Well-being was indicated with measures of resilience, flourishing, and happiness (students only). On the 6-item Brief Resilience Scale  respondents indicated on a 5-point scale their ability to cope with and recover from stressful situations (1 = strongly disagree - 5 = strongly agree). Examples include “I tend to bounce back quickly after hard times,” and “I have a hard time making it through stressful events”. Internal consistency ranging from 0.80 - 0.91 has been reported, and was 0.87 in this study. Well-being was also assessed using the 8-item Flourishing Scale . Respondents indicate on a 7-point scale (1 = strongly disagree - 7 = strongly agree) their agreement with items such as “I am engaged and interested in my daily activities,” and “I lead a purposeful and meaningful life”. Alpha was 0.89. Happiness was measured with the Subjective Happiness Scale , a 4-item measure assessing trait happiness. Each item uses a Likert scale from 1-7, and an example item is "In general, I consider myself: " with response options of 1 = Not a very happy person to 7 = A very happy person. Internal consistency between 0.79 and 0.94 has been reported  and was 0.85 in this study.
2.4.9 Mental Health
Mental health was assessed as symptoms of anxiety and depression. Anxiety symptoms were measured using the widely-used 7-item Generalized Anxiety Disorder (GAD-7) scale designed to assess probable generalized anxiety disorder . Participants rate statements such as “Feeling nervous, anxious or on edge,” and “Worrying too much about different things,” on a 4-point scale (0 = not at all to 3 = nearly every day). Adequate reliability, construct and criterions related validity have been reported . Alpha was 0.88 in this study. Depression symptoms were assessed using the 9-item Public Health Questionnaire (PHQ-9), which measures depressive symptom severity . Participants rate statements such as “Feeling down, depressed, or hopeless,” and “Little interest or pleasure in doing things,” on a 4-point scale (0 = not at all - 3 = nearly every day). Internal consistency has been reported to be 0.86-0.89, and was 0.85 in this study.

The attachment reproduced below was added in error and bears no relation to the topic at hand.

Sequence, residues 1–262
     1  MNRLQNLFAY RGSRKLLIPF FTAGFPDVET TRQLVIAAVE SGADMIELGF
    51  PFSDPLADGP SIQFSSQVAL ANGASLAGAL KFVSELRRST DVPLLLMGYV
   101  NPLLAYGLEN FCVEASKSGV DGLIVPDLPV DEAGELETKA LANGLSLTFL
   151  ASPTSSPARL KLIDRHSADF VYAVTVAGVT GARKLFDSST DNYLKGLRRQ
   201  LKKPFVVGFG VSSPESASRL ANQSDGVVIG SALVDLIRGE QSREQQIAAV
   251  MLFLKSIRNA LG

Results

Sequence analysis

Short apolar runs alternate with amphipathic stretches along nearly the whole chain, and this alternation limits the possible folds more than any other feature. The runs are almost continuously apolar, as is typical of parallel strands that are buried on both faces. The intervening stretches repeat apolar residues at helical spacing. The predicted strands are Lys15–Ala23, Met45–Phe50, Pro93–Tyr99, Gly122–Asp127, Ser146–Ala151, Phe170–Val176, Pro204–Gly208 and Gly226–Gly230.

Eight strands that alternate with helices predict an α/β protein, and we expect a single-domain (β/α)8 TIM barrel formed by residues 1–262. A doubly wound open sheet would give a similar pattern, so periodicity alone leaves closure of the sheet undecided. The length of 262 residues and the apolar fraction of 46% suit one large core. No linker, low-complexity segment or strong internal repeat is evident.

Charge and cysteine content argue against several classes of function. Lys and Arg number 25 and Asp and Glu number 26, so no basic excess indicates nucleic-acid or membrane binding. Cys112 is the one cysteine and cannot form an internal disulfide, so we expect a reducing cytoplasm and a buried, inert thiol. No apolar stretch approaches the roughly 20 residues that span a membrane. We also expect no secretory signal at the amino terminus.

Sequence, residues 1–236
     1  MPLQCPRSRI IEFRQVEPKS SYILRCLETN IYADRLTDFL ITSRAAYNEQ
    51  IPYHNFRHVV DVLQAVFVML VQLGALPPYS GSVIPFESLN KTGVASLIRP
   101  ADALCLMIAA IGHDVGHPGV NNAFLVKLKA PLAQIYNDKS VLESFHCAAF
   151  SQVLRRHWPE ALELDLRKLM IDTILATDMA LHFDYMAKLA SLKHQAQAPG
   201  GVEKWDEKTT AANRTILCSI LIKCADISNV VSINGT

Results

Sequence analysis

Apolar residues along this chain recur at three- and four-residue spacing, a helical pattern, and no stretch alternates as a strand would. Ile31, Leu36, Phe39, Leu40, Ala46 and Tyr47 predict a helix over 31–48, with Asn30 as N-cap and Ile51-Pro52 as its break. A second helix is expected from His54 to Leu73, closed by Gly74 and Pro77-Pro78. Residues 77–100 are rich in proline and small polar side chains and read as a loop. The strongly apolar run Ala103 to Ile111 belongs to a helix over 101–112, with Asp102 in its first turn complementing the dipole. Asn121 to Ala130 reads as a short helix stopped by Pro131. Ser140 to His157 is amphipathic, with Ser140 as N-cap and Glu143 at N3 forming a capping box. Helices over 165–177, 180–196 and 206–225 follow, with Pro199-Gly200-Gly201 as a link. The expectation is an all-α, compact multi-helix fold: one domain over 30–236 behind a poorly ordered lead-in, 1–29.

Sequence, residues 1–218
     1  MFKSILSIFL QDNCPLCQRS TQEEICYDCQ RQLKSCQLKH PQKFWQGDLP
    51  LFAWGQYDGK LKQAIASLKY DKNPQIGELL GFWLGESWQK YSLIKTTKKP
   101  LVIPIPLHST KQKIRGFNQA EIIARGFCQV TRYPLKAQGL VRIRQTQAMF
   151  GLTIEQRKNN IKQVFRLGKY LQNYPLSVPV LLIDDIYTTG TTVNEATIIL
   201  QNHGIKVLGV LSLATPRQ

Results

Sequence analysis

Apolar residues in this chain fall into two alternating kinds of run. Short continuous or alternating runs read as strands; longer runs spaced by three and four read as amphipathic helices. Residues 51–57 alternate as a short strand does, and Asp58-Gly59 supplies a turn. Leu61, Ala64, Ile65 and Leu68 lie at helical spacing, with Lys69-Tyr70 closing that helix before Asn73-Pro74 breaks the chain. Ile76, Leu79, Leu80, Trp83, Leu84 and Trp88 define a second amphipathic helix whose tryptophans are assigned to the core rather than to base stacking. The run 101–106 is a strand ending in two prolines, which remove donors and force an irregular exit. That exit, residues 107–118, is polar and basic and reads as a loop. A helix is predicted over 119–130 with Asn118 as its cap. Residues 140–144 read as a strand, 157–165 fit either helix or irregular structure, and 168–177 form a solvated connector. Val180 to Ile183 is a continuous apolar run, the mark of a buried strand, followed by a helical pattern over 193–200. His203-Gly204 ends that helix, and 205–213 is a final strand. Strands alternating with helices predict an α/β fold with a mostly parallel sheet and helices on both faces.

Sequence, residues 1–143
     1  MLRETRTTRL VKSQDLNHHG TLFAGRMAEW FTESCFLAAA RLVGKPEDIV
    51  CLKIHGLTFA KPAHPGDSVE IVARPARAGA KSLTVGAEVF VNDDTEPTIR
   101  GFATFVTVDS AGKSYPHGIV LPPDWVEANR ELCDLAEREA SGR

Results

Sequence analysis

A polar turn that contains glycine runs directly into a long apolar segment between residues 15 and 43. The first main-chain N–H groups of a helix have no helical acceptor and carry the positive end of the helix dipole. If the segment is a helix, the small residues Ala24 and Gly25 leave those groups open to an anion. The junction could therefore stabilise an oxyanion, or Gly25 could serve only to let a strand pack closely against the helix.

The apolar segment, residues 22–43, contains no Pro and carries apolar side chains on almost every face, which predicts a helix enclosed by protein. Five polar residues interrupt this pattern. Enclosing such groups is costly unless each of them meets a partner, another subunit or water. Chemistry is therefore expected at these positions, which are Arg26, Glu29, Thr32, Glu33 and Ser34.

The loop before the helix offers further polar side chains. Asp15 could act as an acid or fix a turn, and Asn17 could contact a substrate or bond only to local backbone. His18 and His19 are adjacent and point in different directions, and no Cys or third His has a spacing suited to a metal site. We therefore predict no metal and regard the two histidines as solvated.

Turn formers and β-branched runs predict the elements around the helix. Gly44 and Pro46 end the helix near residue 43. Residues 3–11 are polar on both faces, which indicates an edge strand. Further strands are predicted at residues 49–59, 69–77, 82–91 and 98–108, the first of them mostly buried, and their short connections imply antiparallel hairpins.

Burnout was assessed only in staff using the 10-item burnout subscales from the Professional Quality of Life Measure (ProQOL) . Participants rated items assessing feeling overwhelmed, worn out, ineffective and unsupported in their work. Internal consistency of 0.75 has been previously reported, and was 0.71 in the current study.
2.4.11 Advising and Teaching Self-efficacy
Advising and Teaching Self-efficacy was also assessed only in staff and was measured using an adapted versions of the Mindfulness in Teaching Scale (MTS)  and the Teacher Efficacy - Short Form (TE-SF) . In the MTS, 14 items were adapted to read “working with students” instead of “teaching” to reflect the broader nature of advisors in campus settings. Participants indicated on a 5-point scale how true statements were (e.g., “I rush through my work with students without being really attentive to them”). In the TE-SF, 12 items were adapted to refer to working with students versus teaching or managing a classroom environment. Participants indicated how effective they felt in supporting students on a 5-point scale to questions such as “How effective are you at helping students value learning?” (1 = Not at all - 5 = very effective). Internal consistency reliability was 0.89.
2.5 Analytic Plan